A year that promises to be big for native advertising trends starts with a new FTC policy in place; plus, the best of branded content in 2015
Native advertising trends will shape the digital publishing industry in 2016. For one, they represent a more elegant and modernized option for online magazines looking to generate revenue the old-fashioned way — that is, via marketing dollars — while flying relatively under the radar of those big, bad state-of-the-art ad blocking defense systems.
Branded content, as it’s also known, has been gaining steam for a while, even if it just has a fancier name for advertorial. We’ve been watching closely, and so, too, has the Federal Trade Commission, of course. Now, finally, we have official guidelines from the FTC, just as the demand for sponsored content, yet another iteration of native, is reaching unprecedented levels.
AdAge covers that development and much more in several recent articles about native advertising trends.
FTC Releases New Native Advertising Rules and Regulations
Toward the end of the year, right before the Christmas holiday, the FTC debuted its latest policy on native advertising. As expected, deception is the big no-no, but this time around, directives to avoid violation are more explicit, AdAge reports.
“In evaluating whether an ad’s format is misleading, the Commission will scrutinize the entire ad, examining such factors as its overall appearance, the similarity of its written, spoken, or visual style to non-advertising content offered on a publisher’s site, and the degree to which it is distinguishable from such other content,” the FTC said in its policy statement.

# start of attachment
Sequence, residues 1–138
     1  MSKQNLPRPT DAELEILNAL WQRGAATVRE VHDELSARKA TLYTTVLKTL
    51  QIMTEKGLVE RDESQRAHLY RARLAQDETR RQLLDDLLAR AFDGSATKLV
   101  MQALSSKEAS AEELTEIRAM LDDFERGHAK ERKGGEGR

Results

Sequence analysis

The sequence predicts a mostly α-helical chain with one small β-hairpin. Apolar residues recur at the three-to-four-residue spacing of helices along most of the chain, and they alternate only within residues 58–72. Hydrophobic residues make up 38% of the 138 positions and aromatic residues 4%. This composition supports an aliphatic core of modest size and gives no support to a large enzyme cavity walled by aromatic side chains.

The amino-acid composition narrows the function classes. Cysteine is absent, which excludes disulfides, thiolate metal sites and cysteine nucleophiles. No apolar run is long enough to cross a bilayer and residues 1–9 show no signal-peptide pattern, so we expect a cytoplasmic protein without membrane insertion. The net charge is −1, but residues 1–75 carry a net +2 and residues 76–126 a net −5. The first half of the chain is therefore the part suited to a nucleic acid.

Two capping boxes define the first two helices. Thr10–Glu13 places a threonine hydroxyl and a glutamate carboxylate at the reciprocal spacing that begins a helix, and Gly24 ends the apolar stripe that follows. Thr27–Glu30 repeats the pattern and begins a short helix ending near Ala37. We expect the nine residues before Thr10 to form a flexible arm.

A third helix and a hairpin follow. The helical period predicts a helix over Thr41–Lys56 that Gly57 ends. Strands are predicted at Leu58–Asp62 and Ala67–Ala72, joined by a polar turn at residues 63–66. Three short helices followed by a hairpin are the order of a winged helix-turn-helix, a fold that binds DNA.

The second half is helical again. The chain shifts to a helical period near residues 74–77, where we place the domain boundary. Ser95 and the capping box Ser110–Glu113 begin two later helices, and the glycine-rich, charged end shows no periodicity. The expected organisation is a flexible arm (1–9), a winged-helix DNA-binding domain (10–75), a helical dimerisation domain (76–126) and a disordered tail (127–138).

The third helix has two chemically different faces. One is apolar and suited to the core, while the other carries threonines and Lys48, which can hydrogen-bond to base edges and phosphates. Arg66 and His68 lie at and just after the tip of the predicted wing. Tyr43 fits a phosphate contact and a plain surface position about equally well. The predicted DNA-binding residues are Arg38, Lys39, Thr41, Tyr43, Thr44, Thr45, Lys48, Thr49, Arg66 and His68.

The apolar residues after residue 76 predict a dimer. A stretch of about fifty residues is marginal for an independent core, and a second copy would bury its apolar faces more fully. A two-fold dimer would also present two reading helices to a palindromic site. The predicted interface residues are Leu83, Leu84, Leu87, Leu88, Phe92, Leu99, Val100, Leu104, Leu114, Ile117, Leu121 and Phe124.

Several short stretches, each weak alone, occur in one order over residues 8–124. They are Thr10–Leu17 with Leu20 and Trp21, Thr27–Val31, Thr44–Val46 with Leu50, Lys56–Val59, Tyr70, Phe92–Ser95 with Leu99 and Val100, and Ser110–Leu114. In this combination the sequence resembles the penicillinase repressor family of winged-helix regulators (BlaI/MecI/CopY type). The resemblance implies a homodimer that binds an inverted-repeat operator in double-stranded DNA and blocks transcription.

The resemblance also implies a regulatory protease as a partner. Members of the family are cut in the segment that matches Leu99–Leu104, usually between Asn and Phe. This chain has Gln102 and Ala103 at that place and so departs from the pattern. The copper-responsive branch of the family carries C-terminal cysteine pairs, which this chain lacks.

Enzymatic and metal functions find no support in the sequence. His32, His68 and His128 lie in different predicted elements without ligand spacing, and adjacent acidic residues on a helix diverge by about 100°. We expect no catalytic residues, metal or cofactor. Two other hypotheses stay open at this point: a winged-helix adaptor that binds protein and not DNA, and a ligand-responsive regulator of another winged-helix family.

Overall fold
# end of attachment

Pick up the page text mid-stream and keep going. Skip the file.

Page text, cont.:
“For example, disclosures that subsequently inform consumers of a natively formatted ad’s commercial nature after they have clicked on and arrived at another page will not cure any misleading impression created when the ad is presented in the stream of a publisher site. … Although digital media has expanded and changed the way marketers reach consumers, all advertisers, including digital advertisers, must comply with the same legal principles regarding deceptive conduct the Commission has long enforced.”
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Scripps the Latest to Launch In-House Branded Content Agency
Getting in just under the wire during the year of the in-house branded content lab was Scripps with its new Lifestyles Studio, AdAge reports.
“The amount of that content creation really requires a dedicated effort as opposed to asking the people who create linear programming for us to also create that. It’s becoming too big a need and too big an opportunity,” Scripps Networks Chief Revenue Officer Steve Gigliotti told Tim Peterson.
“We’ve been doing that kind of as a one-off production, and the appetite for that is bigger and bigger. … We’re a major player in the food category, but an adjacent category could be health.”
The Huffington Post Undertakes Data-Sharing Native Advertising Content Campaign
The Huffington Post and Sleep Number are exchanging consumer data to craft an ambitious sponsored content campaign, AdAge reports.
“It’s native advertising but a much more sophisticated model,” HuffPo Vice President of Content Partnerships Lauri Baker told Peterson. “If someone’s standing outside of a competitive store, we know we can serve them a Sleep Number ad that’s specific to that user based on what they’ve read and what we know about them.”
What Were the Hottest Native Advertising Trends, Campaigns of 2015?
But will the HuffPo-Sleep Number effort be among the best in the business, joining the likes of Netflix + The Wall Street Journal, Nokia + Wired, Tabasco + Thrillist, Mini + Fast Company, Clorox + the self-same HuffPo, Cathay Pacific + Mashable, Ford + Hearst, and Hulu + Gawker from 2015? Only time will tell!
Which native advertising trends are you tracking in 2016? Let us know in the comments!
To read more about native advertising trends in the news, visit AdAge.